Two women accused of human trafficking and running massage parlors that offered sexual services were found guilty on all charges Monday afternoon by a jury in Delaware County Common Pleas Court, but the third defendant was found not guilty.
Estella Xu, 55, of Pomona, California, and her sister, Qing Xu, 57, of Columbus, were both found guilty of 15 charges following a 10-day trial.
The jury, comprised of seven women and five men, began deliberations Friday afternoon and deliberated until close to 10 p.m. They resumed deliberations Monday morning and returned verdicts at about 2:30 p.m.
Estella and Qing were found guilty of:
• One count of engaging in a pattern of corrupt activity, a first-degree felony, with a specification that the defendant knowingly committed crimes that furthered human trafficking.
• Eight counts of promoting prostitution, a fourth-degree felony, also with an added specification for human trafficking. Authorities alleged that the women working at the massage parlors were providing sexual services for male clients.
• Three counts of money laundering, a third-degree felony.
A sentencing date of Oct. 16 at 10 a.m. was scheduled. Visiting Judge Joseph Timothy Campbell ordered a pre-sentence investigation and said he would preside over the sentencing hearing.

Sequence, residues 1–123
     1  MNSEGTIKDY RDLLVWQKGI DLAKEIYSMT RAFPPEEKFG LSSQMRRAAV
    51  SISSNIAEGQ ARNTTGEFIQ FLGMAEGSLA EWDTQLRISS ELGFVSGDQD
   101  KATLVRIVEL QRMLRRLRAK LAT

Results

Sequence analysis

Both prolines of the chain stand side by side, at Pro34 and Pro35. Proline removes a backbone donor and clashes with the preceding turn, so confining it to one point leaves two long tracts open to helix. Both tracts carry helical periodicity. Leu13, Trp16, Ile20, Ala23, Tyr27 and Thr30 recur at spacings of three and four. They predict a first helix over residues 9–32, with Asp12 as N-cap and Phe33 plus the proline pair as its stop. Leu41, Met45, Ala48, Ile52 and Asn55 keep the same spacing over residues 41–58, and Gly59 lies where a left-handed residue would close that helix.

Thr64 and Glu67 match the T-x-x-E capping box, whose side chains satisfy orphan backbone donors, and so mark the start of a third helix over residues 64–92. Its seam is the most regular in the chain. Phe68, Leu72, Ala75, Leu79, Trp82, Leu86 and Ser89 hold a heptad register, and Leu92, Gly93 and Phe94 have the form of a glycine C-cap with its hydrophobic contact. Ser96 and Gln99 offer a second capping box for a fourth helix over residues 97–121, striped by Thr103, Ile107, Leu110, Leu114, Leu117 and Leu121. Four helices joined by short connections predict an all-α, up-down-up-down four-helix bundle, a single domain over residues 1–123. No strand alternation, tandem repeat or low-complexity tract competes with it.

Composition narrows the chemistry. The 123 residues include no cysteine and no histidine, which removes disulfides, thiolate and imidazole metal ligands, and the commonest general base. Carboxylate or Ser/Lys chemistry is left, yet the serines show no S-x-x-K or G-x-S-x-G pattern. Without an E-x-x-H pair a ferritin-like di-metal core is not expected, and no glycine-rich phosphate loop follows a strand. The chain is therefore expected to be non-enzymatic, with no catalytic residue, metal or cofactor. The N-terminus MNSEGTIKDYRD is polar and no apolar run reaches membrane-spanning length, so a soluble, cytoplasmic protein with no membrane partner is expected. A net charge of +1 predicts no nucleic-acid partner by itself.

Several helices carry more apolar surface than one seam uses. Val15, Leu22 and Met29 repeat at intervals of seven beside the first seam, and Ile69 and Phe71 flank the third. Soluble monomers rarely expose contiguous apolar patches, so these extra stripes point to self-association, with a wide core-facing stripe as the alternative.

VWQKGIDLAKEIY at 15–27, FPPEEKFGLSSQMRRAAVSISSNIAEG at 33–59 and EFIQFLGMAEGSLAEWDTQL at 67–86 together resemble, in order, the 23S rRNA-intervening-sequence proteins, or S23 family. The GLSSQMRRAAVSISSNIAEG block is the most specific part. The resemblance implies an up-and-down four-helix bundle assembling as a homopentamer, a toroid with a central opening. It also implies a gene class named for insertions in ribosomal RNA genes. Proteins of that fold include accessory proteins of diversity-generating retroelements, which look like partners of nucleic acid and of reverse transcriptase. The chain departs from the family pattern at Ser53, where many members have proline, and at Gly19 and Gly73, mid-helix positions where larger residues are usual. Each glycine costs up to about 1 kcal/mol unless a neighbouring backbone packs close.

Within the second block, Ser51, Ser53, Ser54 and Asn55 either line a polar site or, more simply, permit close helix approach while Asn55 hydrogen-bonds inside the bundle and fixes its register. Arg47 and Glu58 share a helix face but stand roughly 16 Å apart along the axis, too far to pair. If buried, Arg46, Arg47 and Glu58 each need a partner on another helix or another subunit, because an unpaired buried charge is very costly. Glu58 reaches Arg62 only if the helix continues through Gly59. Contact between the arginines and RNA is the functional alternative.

Estella and Qing’s attorneys, Daniel Sabol and Christopher Soon, said they would appeal the verdict but said they cannot file appeals until their clients have been sentenced.
Campbell also revoked Estella and Qing’s bonds and ordered deputies to take them into custody.
The third defendant in the case is Qing Xu’s husband. Xiaoshaung Chao, 57, was found not guilty on all charges and Campbell said that he would be taken back to the county jail, where he has been since his Jan. 14 arrest, processed and released.
Chao embraced his attorney, Scott Culbert, when the judge had finished reading the verdict.
The trio was accused of running three massage parlors in central Ohio that offered sexual services. Prosecutors said the workers of the massage parlors were victims of human trafficking and were forced to provide sexual pleasure to men during massages.
Defense attorneys said the workers and customers of the massage parlors were given immunity in exchange for their testimony.